WebDSL as a rapid prototype tool
ICTU is an independent organization within the Dutch government, working on improving the government’s digital services. ICTU works in projects, for all government departments: national, provinces, municipalities, water boards, and autonomous administrative authorities. All levels of government are represented in ICTU’s governing body. The Ministry of the Interior and Kingdom Relations has statutory powers to drive the basic outlines of ICTU’s management.
Some of ICTU’s projects entail the development and maintenance of custom software. Often, these custom software products are part of the Dutch generic digital infrastructure such as eIDAS and Digikoppeling. Other examples of software products developed by ICTU are the Landelijk Register Kinderopvang (National Childcare Register) and the Informatie- en Volgsysteem voor de Scheepvaart (IVS Next, shipping information and tracking system).
Although ICTU develops software for many different clients, more or less the same quality-driven approach is applied to each project. This approach has been documented extensively and is updated regularly. It has also been one of the major inputs for the NEN’s practice guideline NPR 5326. Core features of ICTU’s quality approach to software development are a phased agile process, close cooperation with clients, and a strong focus on automation and quality. ICTU supports its projects in applying the quality approach by means of products and services such as development and test environments, engineering tools, reference applications, and an automated quality system.
Despite having these processes and tools in place, challenges remain. ICTU separates its software development projects in a preparation phase and a realization phase. During the preparation phase, which typically takes 6 to 9 weeks, the project team (staffed with employees from the client, other major stakeholders, and ICTU) elicits and refines the requirements and develops a first version of the software architecture. At the same time, prototypes are created to show clients, stakeholders, and project members an early vision of the software product to be developed, and to validate and refine the requirements.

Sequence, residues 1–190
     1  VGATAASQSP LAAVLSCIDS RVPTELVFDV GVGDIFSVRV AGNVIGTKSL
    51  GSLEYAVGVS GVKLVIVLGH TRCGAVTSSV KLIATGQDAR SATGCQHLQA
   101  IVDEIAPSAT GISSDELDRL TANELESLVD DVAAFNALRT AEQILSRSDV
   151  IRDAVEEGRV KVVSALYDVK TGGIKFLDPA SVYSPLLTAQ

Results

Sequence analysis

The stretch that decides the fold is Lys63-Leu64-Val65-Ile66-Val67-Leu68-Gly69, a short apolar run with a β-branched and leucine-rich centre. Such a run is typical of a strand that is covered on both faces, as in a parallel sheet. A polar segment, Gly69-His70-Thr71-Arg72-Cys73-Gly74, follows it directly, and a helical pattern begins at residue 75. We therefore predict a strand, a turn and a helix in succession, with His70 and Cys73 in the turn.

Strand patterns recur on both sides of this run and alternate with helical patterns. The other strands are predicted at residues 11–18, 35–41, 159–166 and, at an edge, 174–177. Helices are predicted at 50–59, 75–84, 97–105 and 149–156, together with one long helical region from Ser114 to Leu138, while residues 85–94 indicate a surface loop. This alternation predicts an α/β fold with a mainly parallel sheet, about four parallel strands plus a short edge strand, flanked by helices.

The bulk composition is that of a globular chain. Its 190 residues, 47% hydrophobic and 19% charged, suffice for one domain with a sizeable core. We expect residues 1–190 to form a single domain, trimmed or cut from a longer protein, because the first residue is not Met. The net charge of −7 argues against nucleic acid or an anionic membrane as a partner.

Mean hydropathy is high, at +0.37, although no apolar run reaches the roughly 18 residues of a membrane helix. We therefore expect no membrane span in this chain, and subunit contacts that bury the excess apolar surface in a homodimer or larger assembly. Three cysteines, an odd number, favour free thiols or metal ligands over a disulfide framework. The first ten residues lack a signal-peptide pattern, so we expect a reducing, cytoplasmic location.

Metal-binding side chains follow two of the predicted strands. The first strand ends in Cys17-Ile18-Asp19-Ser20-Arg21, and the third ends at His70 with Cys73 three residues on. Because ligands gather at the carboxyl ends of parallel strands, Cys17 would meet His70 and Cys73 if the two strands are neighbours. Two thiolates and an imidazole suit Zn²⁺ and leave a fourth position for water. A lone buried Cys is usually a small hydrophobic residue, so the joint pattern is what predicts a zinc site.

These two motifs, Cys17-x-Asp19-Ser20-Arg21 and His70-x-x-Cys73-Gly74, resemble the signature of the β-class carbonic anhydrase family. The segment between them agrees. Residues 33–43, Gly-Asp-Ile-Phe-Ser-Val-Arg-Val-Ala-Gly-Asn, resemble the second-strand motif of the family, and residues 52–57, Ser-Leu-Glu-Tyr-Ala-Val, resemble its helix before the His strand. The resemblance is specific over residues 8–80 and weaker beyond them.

Currently, project teams usually create throw-away prototypes with no real functionality. If the prototypes would have more functionality, the requirements could be validated more extensively. Also, the prototypes could be used in the actual software product during the realization phase, instead of being discarded at the end of the preparation phase.
Prof. Eelco Visser (TU Delft) and his colleagues have been working on a Domain Specific Language (DSL) for the implementation of dynamic web applications, called WebDSL. Its promise is to overcome the complexity of developing for the web by offering linguistic abstractions designed for the web, consistency checking, and automatic enforcement of security features (Groenewegen et al, 2020).
ICTU would like to investigate whether WebDSL can provide a suitable alternative to more traditional clickable prototypes. Questions ICTU has include:
- Is it possible to develop a WebDSL prototype using roughly the same amount of time as a traditional prototype?
- If so, does the WebDSL prototype offer significantly more functionality so more requirements can be validated?
- If so, what amount of experience with WebDSL does the prototype developer needs to have to be able to deliver a WebDSL prototype in the same amount of time?
- Does incorporating a WebDSL prototype in the software product during the realization phase offer an efficiency advantage?
- What are the disadvantages of applying WebDSL during the realization phase? E.g., are the same quality and security tools available that we use for regular source code? How much time does it take a developer not familiar with WebDSL to become proficient?
Danny M. Groenewegen, Elmer van Chastelet, and Eelco Visser. 2020. Evolution of the WebDSL runtime: reliability engineering of the WebDSL web programming language. In Conference Companion of the 4th International Conference on Art, Science, and Engineering of Programming (
See the references in that paper for more publications.
Contacts for the project
Supervisor(s): Eelco Visser, Danny Groenewegen
Posted: May 28, 2021